Sunday, June 12, 2016

The Foreigners by Maxine Swann

An American woman is entranced by Buenos Aires

Recently divorced Daisy (named after Henry James’s Daisy?) suffers a few inexplicable fainting fits. For a complete change of scene and to recuperate, she accepts an assignment researching the public waterworks of Buenos Aires. She finds her new city to be strange, full of greenery, and its inhabitants even stranger, standoffish with an inferiority complex. Daisy soon meets the enchanting half-crazy Leonarda, who likes to shake things up. Daisy is charmed by her, as Leonarda intends. Soon their friendship progresses to an intense sexual flirtation, supplemented by Leonarda’s insane affairs with insane men. Meanwhile, proper yet penniless Isolde, a chubby blonde Austrian, tries to crack Argentine society, by virtue of her education and fair skin, but soon learns Argentines may long for European polish, but not at the price of neediness.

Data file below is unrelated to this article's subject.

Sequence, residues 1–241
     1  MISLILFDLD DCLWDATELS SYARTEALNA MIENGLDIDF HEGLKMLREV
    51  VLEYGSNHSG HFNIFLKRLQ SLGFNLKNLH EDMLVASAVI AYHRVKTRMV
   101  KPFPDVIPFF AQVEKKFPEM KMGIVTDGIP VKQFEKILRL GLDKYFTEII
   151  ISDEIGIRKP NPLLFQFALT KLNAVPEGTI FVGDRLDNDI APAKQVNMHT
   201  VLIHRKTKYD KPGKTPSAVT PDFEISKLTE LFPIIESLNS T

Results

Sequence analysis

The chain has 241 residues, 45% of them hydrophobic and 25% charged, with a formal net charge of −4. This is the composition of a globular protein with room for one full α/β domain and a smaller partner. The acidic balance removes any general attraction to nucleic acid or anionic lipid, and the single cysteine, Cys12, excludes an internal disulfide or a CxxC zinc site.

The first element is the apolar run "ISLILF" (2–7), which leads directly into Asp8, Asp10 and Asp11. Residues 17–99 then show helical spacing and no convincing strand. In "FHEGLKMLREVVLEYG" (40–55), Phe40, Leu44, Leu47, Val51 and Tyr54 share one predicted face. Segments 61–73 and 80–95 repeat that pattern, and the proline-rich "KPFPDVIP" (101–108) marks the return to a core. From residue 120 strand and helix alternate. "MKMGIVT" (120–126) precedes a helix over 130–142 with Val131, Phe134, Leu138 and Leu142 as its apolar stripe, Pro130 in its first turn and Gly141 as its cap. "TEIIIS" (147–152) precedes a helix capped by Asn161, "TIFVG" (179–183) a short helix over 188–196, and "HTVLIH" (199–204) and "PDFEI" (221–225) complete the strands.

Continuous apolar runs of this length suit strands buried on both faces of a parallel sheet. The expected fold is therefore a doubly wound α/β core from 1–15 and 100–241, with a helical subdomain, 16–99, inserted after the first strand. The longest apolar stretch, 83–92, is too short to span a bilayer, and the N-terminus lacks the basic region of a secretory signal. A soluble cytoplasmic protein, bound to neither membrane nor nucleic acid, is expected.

This weird beautifully written book was compelling. At the end the author doesn’t shy away from the conclusions implied in the first half. Daisy realizes that what she really wants a girl with a dick and Leonarda obliges her. Isolde runs out of money and discovers she is good at an occupation forbidden in her aspirational world. This book reminded me a little of Le Grand Meaulnes, that dreamy feeling of another world, a much desired world, and a much desired object of desire. Except Le Grand Meaulnes did not have spanking scenes. I also enjoyed the somewhat Melvillian encyclopedic interruptions of descriptions of Buenos Aires canals and trees.

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